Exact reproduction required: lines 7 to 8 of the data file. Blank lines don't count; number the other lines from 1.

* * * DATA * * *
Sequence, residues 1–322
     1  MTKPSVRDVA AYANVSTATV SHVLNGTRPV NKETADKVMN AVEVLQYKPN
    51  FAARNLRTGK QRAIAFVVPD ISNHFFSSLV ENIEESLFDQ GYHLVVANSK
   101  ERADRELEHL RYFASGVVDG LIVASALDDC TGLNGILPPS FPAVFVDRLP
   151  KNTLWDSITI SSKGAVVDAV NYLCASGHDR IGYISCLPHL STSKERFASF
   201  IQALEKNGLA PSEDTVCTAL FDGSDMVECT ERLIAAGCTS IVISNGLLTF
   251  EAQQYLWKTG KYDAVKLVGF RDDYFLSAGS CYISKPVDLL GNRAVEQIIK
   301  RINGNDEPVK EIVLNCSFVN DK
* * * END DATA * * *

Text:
   251  EAQQYLWKTG KYDAVKLVGF RDDYFLSAGS CYISKPVDLL GNRAVEQIIK
   301  RINGNDEPVK EIVLNCSFVN DK